New report ranks countries’ green performance, next to how well they’re perceived to be performing
By Sophie Yeo
Sweden is the world’s greenest country – but Germany is taking the credit.
Iceland, Austria and Spain are greener than you think they are. Mongolia is not very green at all. Meanwhile, the US, Australia and Japan have received too much credit for too little action.
These are some of the findings from a new report from Dual Citizen, a US-based data consultancy. They have created a Global Green Economy Index, ranking countries on both how green they are perceived to be, and how well they perform in reality.
The index ranks countries based on a variety of factors, including climate leadership, efficiency, markets and investment, and the quality of their natural environment. This is the 4th edition of the report.
“Leaderships need to understand how they’re perceived by their populations to ensure they’re held accountable for their efforts or lack thereof around climate change,” said Jeremy Tamanini, who leads the consultancy.
He added that the rankings were particularly useful for countries with flourishing green markets of which investors were unaware. “If the perceptions are low but their performance is strong, they can employ better communication to bridge those gaps.”
Germany is perceived as the world’s greenest country, according to the index, although Sweden takes the crown for actual performance.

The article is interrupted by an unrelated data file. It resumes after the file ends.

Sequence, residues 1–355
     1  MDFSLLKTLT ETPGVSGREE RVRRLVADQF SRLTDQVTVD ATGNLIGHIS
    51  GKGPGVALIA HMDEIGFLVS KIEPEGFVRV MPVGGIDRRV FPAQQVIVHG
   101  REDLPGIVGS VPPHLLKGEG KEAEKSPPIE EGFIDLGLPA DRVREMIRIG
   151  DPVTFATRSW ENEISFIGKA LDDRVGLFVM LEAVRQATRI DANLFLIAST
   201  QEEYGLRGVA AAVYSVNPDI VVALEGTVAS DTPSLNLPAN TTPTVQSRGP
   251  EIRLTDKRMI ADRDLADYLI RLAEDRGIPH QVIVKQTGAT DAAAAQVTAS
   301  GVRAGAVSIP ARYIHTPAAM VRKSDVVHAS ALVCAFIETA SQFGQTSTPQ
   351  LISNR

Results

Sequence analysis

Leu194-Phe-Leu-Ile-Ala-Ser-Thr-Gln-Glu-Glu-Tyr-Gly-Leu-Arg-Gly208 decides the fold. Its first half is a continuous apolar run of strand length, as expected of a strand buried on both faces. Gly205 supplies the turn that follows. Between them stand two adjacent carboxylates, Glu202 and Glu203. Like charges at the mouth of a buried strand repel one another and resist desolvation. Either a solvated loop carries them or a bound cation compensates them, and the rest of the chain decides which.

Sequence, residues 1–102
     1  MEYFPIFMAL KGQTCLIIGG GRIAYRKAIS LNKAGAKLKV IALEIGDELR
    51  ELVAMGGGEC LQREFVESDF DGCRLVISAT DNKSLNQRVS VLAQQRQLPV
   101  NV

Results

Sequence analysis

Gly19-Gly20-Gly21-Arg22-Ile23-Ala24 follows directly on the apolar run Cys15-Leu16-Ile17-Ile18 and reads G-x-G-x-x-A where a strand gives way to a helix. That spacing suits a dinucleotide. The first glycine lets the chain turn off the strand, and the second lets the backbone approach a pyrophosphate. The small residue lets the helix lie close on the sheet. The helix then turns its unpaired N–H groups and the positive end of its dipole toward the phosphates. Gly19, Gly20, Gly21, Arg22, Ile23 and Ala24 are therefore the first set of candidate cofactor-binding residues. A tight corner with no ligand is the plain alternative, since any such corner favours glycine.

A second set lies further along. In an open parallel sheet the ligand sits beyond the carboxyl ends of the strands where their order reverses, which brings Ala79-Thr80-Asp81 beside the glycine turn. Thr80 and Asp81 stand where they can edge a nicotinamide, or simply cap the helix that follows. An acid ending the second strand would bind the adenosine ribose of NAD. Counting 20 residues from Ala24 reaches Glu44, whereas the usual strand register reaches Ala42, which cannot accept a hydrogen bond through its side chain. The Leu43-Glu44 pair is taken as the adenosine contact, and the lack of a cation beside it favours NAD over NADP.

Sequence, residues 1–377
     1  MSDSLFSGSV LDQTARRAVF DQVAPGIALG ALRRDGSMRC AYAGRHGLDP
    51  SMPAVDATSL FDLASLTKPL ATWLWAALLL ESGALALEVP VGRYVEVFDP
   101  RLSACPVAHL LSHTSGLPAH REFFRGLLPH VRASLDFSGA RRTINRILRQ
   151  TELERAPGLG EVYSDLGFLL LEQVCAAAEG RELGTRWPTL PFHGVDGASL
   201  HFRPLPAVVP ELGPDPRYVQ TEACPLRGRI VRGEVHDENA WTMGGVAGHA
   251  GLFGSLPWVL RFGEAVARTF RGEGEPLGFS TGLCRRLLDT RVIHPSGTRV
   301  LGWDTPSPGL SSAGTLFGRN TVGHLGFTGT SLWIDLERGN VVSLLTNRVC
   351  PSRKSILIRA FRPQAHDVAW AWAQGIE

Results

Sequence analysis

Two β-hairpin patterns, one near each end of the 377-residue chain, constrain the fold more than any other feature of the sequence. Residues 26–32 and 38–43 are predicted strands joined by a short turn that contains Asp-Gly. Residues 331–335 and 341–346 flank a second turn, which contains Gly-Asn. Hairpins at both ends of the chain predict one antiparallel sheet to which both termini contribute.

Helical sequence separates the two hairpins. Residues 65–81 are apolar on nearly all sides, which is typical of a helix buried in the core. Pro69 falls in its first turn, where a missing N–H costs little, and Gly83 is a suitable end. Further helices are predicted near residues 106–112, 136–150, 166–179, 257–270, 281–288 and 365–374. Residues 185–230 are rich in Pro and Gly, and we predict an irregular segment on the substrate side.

Of the 60 nations assessed, the US ranked as the 28th greenest country, falling behind its perception ranking at number 6. Australia faced a similar predicament, perceived as the 11th greenest country, but falling to a dismal 37 on performance, and down again to last place on rankings for climate change leadership.
Meanwhile, Costa Rica emerged as an unsung hero, coming in third place for performance, while only perceived as the 14th greenest country.
Hosting an international climate change conference does little to bolster a country’s reputation, it turns out, with COP19 host Poland perceived as 42nd greenest country out of the 60 assessed – although this is slightly stronger than its actual performance, which came in at 56, better only than Senegal, Qatar, Vietnam and Mongolia.
The index also ranked specific sectors. The US, for instance, redeemed itself slightly with its sustainable buildings, where it came out in top place, just above Finland and the United Arab Emirates.
Meanwhile, Denmark ranked top of the list for green markets and investments, one above Germany, perhaps justifying the perception of Copenhagen as the world’s greenest city.
There were some surprises, indicating that a green economy is not contingent on a big GDP. Zambia, for instance, ranked as the 7th best country for efficiency, while Rwanda was number one for facilitating green investments.